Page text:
- Existing measures and arrangements to ensure the functioning of critical services should be reviewed and the needs analysed, in the first instance, in the information and telecommunication, transport and energy sectors with a view to possible further arrangements. These sectors include a number of transnational service operators with regional or EU-wide business coverage as well as business continuity planning. Interdependence within these sectors and other sectors may give rise to a need for enhanced information exchange and collective action at EU level as the pandemic develops.


Information and communication to the public
- identify possible common strategic lines to take in order to ensure coherent information through experts of the HSC and further elaborate through the communicators network of the HSC.

Multi-sectoral issues
- cooperate in the exchange of strategic and operational information on multi-sectoral issues.

Global cooperation
- explore ways to support immediate efforts of the UN system and in particular of the WHO in mitigating the Pandemic (H1N1) 2009, including the provision and adequate distribution and access to vaccines and antivirals but also consider the need for contingency planning and public health campaigns and develop and agree on a position in response to the UN, WHO and UNSIC Needs Assessment Report [5] in a way that does not negatively affect other global health priorities;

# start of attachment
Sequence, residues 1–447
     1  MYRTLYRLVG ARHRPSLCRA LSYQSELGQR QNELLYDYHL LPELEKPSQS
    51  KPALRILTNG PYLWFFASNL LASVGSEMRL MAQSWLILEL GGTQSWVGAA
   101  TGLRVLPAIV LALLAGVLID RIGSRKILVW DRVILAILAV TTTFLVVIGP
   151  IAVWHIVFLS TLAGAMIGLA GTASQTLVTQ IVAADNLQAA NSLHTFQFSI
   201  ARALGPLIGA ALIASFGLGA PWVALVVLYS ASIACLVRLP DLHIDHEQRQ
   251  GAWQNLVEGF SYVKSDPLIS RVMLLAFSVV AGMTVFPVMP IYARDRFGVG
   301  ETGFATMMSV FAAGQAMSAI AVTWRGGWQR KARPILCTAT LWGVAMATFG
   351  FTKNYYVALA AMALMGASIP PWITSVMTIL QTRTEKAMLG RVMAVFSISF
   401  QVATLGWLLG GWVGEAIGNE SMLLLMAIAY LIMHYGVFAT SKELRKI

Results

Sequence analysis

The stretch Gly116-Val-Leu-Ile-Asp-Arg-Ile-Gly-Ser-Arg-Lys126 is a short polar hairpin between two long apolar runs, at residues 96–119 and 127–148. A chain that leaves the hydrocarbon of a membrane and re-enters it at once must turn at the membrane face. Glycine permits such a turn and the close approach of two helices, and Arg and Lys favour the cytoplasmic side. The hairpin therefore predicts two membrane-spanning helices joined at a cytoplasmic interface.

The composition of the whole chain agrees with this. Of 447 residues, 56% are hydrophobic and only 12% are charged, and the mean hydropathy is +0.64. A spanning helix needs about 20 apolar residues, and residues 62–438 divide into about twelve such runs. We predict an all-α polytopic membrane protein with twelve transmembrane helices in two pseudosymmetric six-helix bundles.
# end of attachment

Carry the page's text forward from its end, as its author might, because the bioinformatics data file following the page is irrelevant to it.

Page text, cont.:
- effectively use existing financial and other (e.g. logistical, know-how support) European Union mechanisms for the benefit of third countries, in particular developing countries, and global cooperation;
- maintain strong support in assisting developing countries to develop sustainable public health systems;
- encourage broader production and use of influenza vaccines including the use of new innovative technologies in order to increase the global production of vaccines and capacity building in developing countries so that they can develop their own vaccines and antivirals.


Availability of vaccines
- continue to support procurement processes for the vaccine for those Member States, candidate countries, potential candidates and neighbouring countries who do not have a current agreement with manufacturers;
- propose transparent mechanisms whereby a Member State willing to do it can make available vaccines to another Member State in order to address the shortage of safe vaccine in one Member State and provide clarity on issues of Community law related to the transfer of vaccines between the Member States, such as those relating to competition law and liability;